Armstrong found his first passion for public service in education. He graduated from Kutztown in 1971 with a Bachelor of Science in secondary education and a minor in social studies and obtained his master’s degree in education in 1975. He finally settled in Whitehall Township, where he taught social studies for more than 40 years. He is currently serving as secretary of the council.

Armstrong brought creativity and innovation to the classroom, ensuring that his students were always provided with real-world experiences, cutting-edge lessons and that they learned skills critical to their success as adults. His students continue to express their gratitude to him to this day. He also served as the girls’ basketball coach, where he fought to ensure that the school provided equal access to equipment and training facilities. He is a member of the Lehigh Valley Sports Hall of Fame and the Whitehall High School Hall of Fame.

Armstrong’s quality in the classroom earned him praise and respect from his peers. During his time in the Whitehall School District, he rose to be chair of the Social Studies Department.  He was also selected to serve as the Secondary Education Chairperson for the Middle States Council on Social Studies, where he worked to develop a standardized exam for Social Studies.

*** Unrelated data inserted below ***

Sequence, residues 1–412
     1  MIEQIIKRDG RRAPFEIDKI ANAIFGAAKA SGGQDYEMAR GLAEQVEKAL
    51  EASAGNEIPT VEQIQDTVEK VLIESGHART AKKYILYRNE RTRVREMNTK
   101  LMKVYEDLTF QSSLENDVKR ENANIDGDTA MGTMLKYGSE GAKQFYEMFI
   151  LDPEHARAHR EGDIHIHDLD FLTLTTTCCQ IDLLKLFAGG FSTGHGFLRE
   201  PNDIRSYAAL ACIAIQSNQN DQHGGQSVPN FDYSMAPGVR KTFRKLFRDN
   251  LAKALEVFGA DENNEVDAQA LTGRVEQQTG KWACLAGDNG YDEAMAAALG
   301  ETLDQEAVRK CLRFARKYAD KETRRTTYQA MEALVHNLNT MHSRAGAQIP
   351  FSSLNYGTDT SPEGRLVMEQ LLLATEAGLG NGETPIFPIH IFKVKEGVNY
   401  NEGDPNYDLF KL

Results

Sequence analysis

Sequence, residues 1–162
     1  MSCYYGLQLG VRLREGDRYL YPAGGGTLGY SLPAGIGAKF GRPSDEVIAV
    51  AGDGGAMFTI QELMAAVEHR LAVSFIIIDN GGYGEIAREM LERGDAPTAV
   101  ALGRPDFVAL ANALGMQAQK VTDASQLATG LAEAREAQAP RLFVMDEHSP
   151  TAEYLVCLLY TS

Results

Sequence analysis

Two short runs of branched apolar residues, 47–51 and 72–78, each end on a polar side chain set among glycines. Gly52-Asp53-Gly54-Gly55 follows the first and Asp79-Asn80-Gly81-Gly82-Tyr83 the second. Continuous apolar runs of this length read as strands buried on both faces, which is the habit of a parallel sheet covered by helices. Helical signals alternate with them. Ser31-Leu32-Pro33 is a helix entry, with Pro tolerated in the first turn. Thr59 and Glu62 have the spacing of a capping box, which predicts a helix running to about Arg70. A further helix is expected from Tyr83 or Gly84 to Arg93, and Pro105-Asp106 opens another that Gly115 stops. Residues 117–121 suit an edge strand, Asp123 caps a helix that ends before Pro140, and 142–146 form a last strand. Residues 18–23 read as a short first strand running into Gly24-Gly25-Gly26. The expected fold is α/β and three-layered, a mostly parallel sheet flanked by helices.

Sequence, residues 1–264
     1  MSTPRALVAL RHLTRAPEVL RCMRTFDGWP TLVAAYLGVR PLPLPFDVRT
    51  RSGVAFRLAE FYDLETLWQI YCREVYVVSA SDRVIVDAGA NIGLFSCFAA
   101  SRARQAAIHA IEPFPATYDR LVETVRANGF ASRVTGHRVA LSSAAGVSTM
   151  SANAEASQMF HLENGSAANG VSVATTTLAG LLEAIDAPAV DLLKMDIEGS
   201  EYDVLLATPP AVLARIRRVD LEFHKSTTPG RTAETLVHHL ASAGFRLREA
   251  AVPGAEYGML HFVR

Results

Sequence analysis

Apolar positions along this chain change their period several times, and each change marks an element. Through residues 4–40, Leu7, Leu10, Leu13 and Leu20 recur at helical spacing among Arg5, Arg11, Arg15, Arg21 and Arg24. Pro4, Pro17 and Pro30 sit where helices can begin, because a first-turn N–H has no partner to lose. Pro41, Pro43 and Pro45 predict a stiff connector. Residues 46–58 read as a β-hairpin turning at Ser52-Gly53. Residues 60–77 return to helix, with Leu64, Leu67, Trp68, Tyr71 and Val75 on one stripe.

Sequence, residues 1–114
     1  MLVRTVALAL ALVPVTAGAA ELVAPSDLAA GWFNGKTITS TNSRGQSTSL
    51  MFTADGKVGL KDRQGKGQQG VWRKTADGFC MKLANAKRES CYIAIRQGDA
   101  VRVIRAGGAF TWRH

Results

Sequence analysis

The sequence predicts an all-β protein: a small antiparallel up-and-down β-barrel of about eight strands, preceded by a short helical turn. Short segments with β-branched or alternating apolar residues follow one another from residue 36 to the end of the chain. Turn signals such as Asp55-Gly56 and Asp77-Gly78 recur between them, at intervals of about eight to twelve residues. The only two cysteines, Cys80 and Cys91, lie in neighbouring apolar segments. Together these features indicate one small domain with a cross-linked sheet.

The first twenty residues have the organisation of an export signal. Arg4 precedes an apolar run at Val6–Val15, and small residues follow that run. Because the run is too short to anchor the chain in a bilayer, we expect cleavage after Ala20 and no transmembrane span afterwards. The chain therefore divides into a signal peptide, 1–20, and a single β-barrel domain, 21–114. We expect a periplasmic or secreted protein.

Armstrong’s retirement from education led him to his next venture in public service when he was appointed to the Whitehall Board of Commissioners. He moved quickly to bring civility and common sense to the board and was elected by his peers to be board president. His leadership produced a reduction in the local garbage tax and held the line on all other forms of taxation in Whitehall. The township has a capital plan to replace needed emergency services equipment, a fully funded police pension system.

Armstrong remains an active member of his community. He serves on the Board of Directors for the Whitehall Chamber of Commerce, is a member of the Whitehall Lion’s Club and is the current Lehigh County Executive. In his role, Armstrong is responsible for the faithful and efficient performance of all administrative functions of the county.

Robert Grim, Esq., concluded his two-year term as chair of the KU Council of Trustees in June 2024, and will continue to serve on the executive committee as the outgoing chair. Grim is a life-long resident of Kutztown, where he has practiced law since 1969. He began his career as an assistant public defender in Berks County and has served as a municipal solicitor in the area for more than 40 years. Grim is the co-founder and a former director, solicitor and treasurer of the Kutztown University Foundation.

To learn more about the KU Council of Trustees, visit their website. Current membership includes Phillips Armstrong ’71, Dennis Giorno ’94, Sandy Green, Dr. Dan Greenstein, Robert Grim, Esq., Kevin Harden Jr. ’07, Esq., Jim Ludlow, Dianne Lutz, Guido Pichini ’74 and Payton Mentzer ’24, student trustee.